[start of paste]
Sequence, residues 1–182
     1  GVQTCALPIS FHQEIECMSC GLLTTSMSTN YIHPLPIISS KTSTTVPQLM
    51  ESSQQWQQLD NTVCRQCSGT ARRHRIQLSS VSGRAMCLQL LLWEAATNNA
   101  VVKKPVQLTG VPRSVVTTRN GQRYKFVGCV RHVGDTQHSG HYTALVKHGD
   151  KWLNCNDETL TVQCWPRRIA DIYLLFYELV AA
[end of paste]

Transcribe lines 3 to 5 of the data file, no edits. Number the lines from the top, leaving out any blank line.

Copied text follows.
    51  ESSQQWQQLD NTVCRQCSGT ARRHRIQLSS VSGRAMCLQL LLWEAATNNA
   101  VVKKPVQLTG VPRSVVTTRN GQRYKFVGCV RHVGDTQHSG HYTALVKHGD
   151  KWLNCNDETL TVQCWPRRIA DIYLLFYELV AA